• Alexios
  • amanda
  • hacks
  • postscript

Amanda is a slightly unusual but outstanding network backup system. Until 2004, I used it to back up the entire BedroomLAN on 8mm, 112m tapes (same as 8mm videotapes, only made from better quality materials ― I hope) on an Exabyte EXB-8500C drive. The tapes are dead cheap these days, and each held 5 gigs (uncompressed). Lovely, and comparable to the capacity of hard disks at the time. Amanda even prints its own labels or inlays for your cartridges, tapes, CD-Rs et cetera!

A sample 8mm tape label

A sample 8mm tape label as printed by AMANDA. The actual tape inlay is smaller than a sheet of A4. The sheet has folding instructions to produce a sturdy inlay without cutting. The end product displays useful information through the tape's transparent case.

This is a heavily modified version of the 8mm tape label template shipped with Amanda. There are quite a few new things here.

  • Better æsthetics. Helvetica makes it a bit lighter on the eye, and a few extra shades of grey make it look even better. There are also bolder lines.

  • More information and better arranged (for my own setup, anyway). The label section shows the tape label (duh), Amanda version and date in full. There's a square section for marks, logos, stickers et cetera. The rear (top) section shows whatever Amanda wants us to show. Usually this is the total backup size, percentage of tape used, overall compression ratio and the number of filesystems on tape. The filesystem table shows tape file numbers (in case you want to seek them manually with mt), hosts, filesystems, dump size in megabytes, compression ratio and dump level. Around 27 partitions fit on each column of each page.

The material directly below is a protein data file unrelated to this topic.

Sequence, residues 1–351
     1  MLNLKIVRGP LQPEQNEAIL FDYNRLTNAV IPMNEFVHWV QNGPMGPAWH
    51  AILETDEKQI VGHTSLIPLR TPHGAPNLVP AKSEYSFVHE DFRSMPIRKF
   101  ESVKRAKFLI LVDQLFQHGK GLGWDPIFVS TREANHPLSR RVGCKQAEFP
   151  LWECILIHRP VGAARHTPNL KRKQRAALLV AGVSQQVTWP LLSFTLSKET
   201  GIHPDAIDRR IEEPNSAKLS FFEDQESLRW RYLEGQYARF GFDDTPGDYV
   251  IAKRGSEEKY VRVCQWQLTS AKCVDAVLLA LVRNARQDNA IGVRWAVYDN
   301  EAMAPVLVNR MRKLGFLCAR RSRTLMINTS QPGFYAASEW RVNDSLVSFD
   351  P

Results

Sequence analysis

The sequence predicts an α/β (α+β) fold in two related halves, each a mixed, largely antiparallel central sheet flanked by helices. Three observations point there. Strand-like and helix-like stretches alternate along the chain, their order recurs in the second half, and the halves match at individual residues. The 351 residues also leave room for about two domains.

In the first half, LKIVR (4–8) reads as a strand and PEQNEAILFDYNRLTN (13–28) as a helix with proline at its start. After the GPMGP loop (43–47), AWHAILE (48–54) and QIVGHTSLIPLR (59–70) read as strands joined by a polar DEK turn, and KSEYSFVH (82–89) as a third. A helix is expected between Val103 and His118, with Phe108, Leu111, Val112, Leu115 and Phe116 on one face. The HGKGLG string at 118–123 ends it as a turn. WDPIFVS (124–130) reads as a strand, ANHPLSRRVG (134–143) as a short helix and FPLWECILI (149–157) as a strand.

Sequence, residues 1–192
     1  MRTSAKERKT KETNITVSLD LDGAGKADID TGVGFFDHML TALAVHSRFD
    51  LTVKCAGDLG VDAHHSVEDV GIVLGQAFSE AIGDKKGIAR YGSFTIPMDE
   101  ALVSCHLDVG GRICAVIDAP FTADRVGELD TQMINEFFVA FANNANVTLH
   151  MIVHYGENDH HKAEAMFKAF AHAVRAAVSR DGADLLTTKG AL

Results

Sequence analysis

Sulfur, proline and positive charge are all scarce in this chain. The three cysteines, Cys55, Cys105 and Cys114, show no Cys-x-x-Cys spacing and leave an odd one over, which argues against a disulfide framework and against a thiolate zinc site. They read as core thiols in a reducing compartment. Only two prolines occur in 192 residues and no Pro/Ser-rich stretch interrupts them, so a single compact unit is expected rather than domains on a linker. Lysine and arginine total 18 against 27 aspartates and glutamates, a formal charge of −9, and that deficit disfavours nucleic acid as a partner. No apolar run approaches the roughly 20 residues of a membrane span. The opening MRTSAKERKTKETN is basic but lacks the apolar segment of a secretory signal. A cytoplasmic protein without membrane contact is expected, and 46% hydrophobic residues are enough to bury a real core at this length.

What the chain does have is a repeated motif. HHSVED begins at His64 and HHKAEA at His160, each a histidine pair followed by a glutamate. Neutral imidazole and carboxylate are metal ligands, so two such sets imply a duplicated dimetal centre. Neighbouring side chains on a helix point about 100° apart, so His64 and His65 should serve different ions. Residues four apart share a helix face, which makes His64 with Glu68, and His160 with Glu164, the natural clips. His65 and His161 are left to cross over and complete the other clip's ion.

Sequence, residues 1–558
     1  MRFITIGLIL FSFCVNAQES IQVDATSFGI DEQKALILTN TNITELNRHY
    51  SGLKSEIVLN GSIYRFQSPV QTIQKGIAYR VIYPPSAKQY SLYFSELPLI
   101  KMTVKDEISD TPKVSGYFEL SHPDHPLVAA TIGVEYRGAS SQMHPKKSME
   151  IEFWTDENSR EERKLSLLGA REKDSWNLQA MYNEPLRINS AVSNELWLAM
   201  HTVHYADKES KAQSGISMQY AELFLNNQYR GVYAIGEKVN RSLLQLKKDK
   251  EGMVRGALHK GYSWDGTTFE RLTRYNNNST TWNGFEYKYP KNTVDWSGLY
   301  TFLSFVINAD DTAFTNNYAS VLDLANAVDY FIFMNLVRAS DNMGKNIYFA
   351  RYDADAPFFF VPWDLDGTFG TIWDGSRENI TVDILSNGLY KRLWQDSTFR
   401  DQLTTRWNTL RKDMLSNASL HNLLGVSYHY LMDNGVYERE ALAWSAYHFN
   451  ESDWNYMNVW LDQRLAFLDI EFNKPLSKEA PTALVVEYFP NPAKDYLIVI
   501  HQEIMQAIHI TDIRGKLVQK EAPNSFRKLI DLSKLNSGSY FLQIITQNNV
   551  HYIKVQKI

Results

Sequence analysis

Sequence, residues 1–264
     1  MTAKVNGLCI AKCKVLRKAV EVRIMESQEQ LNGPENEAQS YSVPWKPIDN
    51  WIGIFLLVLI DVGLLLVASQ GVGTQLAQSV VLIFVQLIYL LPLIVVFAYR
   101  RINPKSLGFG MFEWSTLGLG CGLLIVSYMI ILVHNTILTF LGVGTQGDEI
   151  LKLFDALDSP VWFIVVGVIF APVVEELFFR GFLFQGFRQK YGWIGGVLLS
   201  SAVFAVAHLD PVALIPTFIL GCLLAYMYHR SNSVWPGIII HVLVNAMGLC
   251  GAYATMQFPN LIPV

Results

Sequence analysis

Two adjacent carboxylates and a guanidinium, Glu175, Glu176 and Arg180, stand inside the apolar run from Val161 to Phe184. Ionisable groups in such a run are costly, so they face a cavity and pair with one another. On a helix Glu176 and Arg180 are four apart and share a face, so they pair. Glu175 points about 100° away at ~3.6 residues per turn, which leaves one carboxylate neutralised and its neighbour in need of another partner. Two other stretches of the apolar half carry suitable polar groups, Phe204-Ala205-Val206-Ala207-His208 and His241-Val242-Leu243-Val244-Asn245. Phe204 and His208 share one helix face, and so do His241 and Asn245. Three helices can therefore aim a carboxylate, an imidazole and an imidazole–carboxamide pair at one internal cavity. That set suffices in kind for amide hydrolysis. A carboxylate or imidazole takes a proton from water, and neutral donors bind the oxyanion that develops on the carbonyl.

• Re-arranged column format. On the original Amanda labels, partition listings run all the way down to the bottom of the sheet, then go to the right column. I've reversed this behaviour. This template has three two-column pages, and both columns of each page are completed before partition lists overflow to the next page. This way, more partitions are normally visible without opening the tape case.

  • No scissors needed. I can't be bothered with them. It gets tedious. You can print the template out on A4 paper and fold it according to the included instructions. On the BedroomLAN HP LaserJet 4, it works lovely (your mileage may vary though, especially with different printers).

The template was basically modified by hand. Did I mention I like Postscript? The folding diagram was drawn in xfig, then stuck inside the Postscript file as Encapsulated Postscript, hand-resized and hand-positioned (I make it sound so difficult!).

You can download the template here. It's completely unsupported, but if you find it useful, I'd love an email (send it to alexios (at) bedroomlan (dot) org)!

8mm Tape Label Template
Download the template in Postscript format, ready for AMANDA use.